Magnetic structure of the southern Boso Peninsula, Honshu, Japan, and its implications for the formation of the Mineoka Ophiolite Belt
© The Society of Geomagnetism and Earth, Planetary and Space Sciences (SGEPSS); The Seismological Society of Japan; The Volcanological Society of Japan; The Geodetic Society of Japan; The Japanese Society for Planetary Sciences. 1999
Received: 13 February 1998
Accepted: 17 June 1999
Published: 6 June 2014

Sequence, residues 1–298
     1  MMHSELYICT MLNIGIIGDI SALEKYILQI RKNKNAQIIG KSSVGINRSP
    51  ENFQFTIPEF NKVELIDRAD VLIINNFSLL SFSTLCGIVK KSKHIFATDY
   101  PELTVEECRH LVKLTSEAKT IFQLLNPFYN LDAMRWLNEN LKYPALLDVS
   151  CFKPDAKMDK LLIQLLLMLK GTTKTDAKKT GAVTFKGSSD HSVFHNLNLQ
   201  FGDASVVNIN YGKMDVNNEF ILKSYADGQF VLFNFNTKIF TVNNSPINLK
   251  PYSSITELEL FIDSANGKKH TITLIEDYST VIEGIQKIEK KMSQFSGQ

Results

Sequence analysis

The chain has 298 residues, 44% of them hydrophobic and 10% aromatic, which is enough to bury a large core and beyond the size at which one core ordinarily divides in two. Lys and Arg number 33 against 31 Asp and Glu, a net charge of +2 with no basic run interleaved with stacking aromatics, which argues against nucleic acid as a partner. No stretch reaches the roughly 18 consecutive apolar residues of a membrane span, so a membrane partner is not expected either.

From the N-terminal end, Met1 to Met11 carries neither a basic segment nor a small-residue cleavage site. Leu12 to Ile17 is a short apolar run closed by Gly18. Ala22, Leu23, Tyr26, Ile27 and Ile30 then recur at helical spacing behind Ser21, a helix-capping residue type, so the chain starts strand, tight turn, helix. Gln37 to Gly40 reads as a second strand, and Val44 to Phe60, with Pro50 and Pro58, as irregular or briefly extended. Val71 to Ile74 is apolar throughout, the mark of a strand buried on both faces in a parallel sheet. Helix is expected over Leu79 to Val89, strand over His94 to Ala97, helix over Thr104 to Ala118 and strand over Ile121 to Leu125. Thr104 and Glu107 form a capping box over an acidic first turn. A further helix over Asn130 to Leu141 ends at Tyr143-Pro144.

We conducted onshore and offshore magnetic surveys on and around the southern Boso Peninsula, Honshu, Japan, and observed prominent large amplitude anomalies along the Mineoka Ophiolite Belt, and long wavelength low anomalies to the south of the belt containing short wavelength isolated anomalies. The magnetic structure was modeled by using three-dimensional magnetic prisms and basement with about 1 A/m of magnetization. At the Mineoka Belt, the top of the magnetic prisms is located at the ground surface, and these bodies are elongate in the vertical direction, with high angle magnetic inclinations. Magnetic basement exists at shallow depth beneath the belt. The magnetic basement traces the bottom surfaces of the magnetic prisms and forms a graben structure. In the south of the Mineoka Belt, thin sheet-like magnetic prisms with low magnetic inclinations are assumed at 1–3 km depth. The magnetic structure implies the tectonic process of the formation of the Mineoka Ophiolite Belt. The belt could be fragmented pieces of an oceanic plate emplaced at a paleo-plate boundary, which originated in low latitude and was transported by obduction to the present place via northward drift.